Logo ICEE.news
Logo ICEE.news

Do the perfect cities exist? Maybe not, but there sure are really smart ones

Comment

There are lots of things to consider in order to say about a city that it’s a smart one. Even so, every year, there are some cities who make their way easily through every possible ranking.

The IESE Center for Globalization and Strategy ranked (again) New York as the smartest city (2017). In their fourth edition of the “Cities in Motion Index“, the authors analyzed 79 indicators.

The results show that almost all of these areas are led by European and North American cities. The exception is technology, where Taipei reigns. [source: IESE]

Here are the winners for IESE’s 10 categories:

  1. Economy: New York achieves relatively high levels in all indicators but it stands out especially for its high GDP and number of headquarters of publicly traded companies
  2. Technology: Taipei achieves good levels in all the indicators and stands out especially for the percentage of broadband users in the city, the number of Facebook users per capita, and the number of mobile phones per capita

“Some experts suggest that Asia could become the world’s leading region for smart city development” [Forbes]

  1. Human capital: London stands out for being the one that has the most top-level business schools, as well as for being the one with the highest number of universities
  2. Social cohesion: Helsinki is a city with a low unemployment rate, an equitable distribution of income and the highest percentage of women in government positions (more than 70%)
  3. International outreach: Paris is the city with the second-highest number of international tourists and here are organized the most international conferences and meetings

  

  1. Environment: Zurich and Tallinn are in the top of the Environmental Performance Index (EPI) and have low levels of pollution and CO2 emissions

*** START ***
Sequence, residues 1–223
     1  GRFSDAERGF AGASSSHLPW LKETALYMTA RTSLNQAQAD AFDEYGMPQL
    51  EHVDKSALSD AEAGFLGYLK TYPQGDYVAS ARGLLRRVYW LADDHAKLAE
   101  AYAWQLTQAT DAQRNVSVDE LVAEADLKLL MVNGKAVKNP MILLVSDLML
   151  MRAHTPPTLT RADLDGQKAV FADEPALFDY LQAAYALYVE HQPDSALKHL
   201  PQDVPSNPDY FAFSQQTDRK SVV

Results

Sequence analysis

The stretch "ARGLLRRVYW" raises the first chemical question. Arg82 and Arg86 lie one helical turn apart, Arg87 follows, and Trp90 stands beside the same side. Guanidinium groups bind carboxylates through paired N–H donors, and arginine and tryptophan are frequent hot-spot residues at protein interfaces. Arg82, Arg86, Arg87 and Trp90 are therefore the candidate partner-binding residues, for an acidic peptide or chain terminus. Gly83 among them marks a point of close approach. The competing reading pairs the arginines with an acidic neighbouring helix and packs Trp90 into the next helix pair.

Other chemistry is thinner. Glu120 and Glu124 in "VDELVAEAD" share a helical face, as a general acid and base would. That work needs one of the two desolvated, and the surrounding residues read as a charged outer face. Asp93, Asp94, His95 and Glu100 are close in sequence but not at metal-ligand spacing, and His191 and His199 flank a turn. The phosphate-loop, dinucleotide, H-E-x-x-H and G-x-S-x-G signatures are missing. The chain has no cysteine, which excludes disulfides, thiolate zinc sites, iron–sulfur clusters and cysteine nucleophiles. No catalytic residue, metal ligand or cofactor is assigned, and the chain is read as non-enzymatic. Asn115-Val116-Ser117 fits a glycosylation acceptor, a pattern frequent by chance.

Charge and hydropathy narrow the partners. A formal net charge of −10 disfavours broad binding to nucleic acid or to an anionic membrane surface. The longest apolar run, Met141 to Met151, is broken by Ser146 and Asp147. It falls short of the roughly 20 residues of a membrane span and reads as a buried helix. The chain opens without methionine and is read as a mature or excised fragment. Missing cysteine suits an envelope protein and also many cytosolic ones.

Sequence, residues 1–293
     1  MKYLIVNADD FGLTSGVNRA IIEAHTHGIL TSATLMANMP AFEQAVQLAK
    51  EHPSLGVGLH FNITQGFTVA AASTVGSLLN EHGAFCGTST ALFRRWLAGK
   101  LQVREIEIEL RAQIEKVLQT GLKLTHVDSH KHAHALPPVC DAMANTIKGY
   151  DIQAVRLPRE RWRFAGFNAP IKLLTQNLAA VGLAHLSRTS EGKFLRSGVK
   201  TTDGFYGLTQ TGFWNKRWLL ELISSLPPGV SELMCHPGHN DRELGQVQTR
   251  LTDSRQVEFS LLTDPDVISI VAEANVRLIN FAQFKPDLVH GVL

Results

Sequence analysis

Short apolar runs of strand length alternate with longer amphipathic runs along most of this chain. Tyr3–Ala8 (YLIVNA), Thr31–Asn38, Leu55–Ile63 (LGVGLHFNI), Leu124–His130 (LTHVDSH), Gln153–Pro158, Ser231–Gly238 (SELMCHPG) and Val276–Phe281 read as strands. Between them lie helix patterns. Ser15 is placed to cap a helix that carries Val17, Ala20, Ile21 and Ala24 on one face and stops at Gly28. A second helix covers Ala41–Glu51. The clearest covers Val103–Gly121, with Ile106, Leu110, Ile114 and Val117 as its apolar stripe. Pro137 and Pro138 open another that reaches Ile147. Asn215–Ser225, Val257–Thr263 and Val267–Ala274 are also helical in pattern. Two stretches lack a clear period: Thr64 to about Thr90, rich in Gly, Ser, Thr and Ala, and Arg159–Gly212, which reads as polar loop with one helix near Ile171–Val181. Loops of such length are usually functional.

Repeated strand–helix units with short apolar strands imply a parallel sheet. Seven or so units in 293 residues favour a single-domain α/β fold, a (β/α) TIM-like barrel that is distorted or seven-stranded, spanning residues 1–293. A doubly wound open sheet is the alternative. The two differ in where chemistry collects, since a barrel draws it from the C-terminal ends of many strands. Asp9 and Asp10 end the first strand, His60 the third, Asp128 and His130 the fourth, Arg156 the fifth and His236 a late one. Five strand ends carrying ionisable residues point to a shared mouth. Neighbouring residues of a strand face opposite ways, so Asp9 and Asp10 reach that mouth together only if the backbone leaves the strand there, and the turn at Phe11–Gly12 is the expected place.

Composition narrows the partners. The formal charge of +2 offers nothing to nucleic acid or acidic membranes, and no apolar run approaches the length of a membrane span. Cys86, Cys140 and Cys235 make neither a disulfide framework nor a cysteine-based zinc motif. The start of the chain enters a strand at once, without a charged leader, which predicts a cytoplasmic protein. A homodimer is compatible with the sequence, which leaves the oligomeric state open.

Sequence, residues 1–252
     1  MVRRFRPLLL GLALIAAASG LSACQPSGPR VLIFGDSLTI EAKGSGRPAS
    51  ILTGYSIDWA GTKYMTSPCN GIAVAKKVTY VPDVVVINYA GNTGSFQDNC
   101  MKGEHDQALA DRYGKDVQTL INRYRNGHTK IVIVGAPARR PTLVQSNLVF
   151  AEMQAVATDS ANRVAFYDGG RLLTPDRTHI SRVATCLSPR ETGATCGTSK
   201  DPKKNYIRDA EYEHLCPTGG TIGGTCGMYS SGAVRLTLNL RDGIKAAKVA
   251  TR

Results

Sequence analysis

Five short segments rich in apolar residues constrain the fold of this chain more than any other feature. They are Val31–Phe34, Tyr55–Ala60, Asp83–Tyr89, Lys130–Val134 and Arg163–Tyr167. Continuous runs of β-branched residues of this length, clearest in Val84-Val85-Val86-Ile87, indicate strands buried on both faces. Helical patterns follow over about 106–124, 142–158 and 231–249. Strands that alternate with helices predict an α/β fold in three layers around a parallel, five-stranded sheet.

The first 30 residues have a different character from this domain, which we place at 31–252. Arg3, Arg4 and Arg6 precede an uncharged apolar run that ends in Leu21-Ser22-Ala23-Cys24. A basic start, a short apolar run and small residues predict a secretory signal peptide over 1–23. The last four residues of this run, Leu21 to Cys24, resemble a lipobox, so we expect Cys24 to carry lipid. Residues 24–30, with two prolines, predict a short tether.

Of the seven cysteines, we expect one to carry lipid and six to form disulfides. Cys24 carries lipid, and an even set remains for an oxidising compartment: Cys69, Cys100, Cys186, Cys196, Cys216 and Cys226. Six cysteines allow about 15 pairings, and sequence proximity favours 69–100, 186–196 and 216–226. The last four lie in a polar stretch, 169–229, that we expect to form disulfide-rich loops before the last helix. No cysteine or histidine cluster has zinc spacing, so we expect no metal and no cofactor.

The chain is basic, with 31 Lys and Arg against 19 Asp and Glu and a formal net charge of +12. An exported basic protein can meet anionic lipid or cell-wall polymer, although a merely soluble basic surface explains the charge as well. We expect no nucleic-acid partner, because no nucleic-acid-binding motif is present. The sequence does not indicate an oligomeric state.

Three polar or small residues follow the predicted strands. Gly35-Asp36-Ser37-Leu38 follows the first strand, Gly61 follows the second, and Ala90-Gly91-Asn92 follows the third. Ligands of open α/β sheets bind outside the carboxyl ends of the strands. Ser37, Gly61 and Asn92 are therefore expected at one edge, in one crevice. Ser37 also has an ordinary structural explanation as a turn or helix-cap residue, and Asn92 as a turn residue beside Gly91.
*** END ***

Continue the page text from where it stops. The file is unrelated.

2. Mobility and transportation: London comes first in the ranking and stands out in almost all the dimensions. Of the top 10 cities in the ranking for this dimension, there are eight European cities.
  3. Urban planning: Amsterdam ranks first and is among the highest-ranking in almost all the indicators. It stands out because almost 100% of the population has access to adequate sanitation facilities and because of its low number of people per household
  4. Public administration: Geneva stands out especially for its low sales taxes and its reserves per capita
  5. Governance: Ottawa is standing out in the strength of legal rights index and the corruption perceptions index. Among the top 10 cities in this dimension’s ranking, there are four Canadian cities.

The cities who embrace the future

The question “what a smart city really is?” should have some simple answers.

First of all, on top of the goals it should be about improving the efficiency of city operations and the quality of life of its citizens. Bonus points for the ones who are growing the local economy.

“The definition of a smart city has recently broadened to include environmental sustainability, affordable and reliable transit, access to education, and a local economy with businesses that explore new technologies” [BusinessInsider]

Yes, “shockingly”, smart city isn’t about having fast internet. If that would have been the case, Bucharest should have been already named the capital of all the smart cities.

Instead, Melbourne, Singapore, Stockholm, Zurich or Tokyo are present in these kind of rankings no matter what the approach is.

But, after all, because Denmark was named again the country with the happiest population, then Copenhagen sure is the smartest city of all.

And that’s not a joke, Business Insider‘s top “the most prepared cities for the future” is dominated by Copenhagen: boasts a healthy startup ecosystem, a large number of Wifi hotspots, and a relatively low amount of traffic congestion. The city is also investing in clean energy, with a goal of being 100% carbon-neutral by 2025.

Smart and happy!

*****

The Cities in Motion Index 2017 analyzes 180 cities (of which 73 are capitals) in 80 countries. Data sources include UNESCO, the World Bank and Euromonitor.

 

Daniel Marton

Author

Daniel Marton

After 3 years as a radio reporter (back in 2003), Daniel has experienced some other options that media can offer: 2 years as a special reporter (print), 2 years as a news commentator (tv), 2 years as an editor-in-chief (online) plus another 5 years as an online manager (digital). Since 2016, he is a freelance journalist, delivering documented articles and creative ideas for any kind of media. Ever since then, Daniel joined the iCEE.fest family, as a contributing editor for iCEE.news.

Up Next

Related Posts

Discussion about this post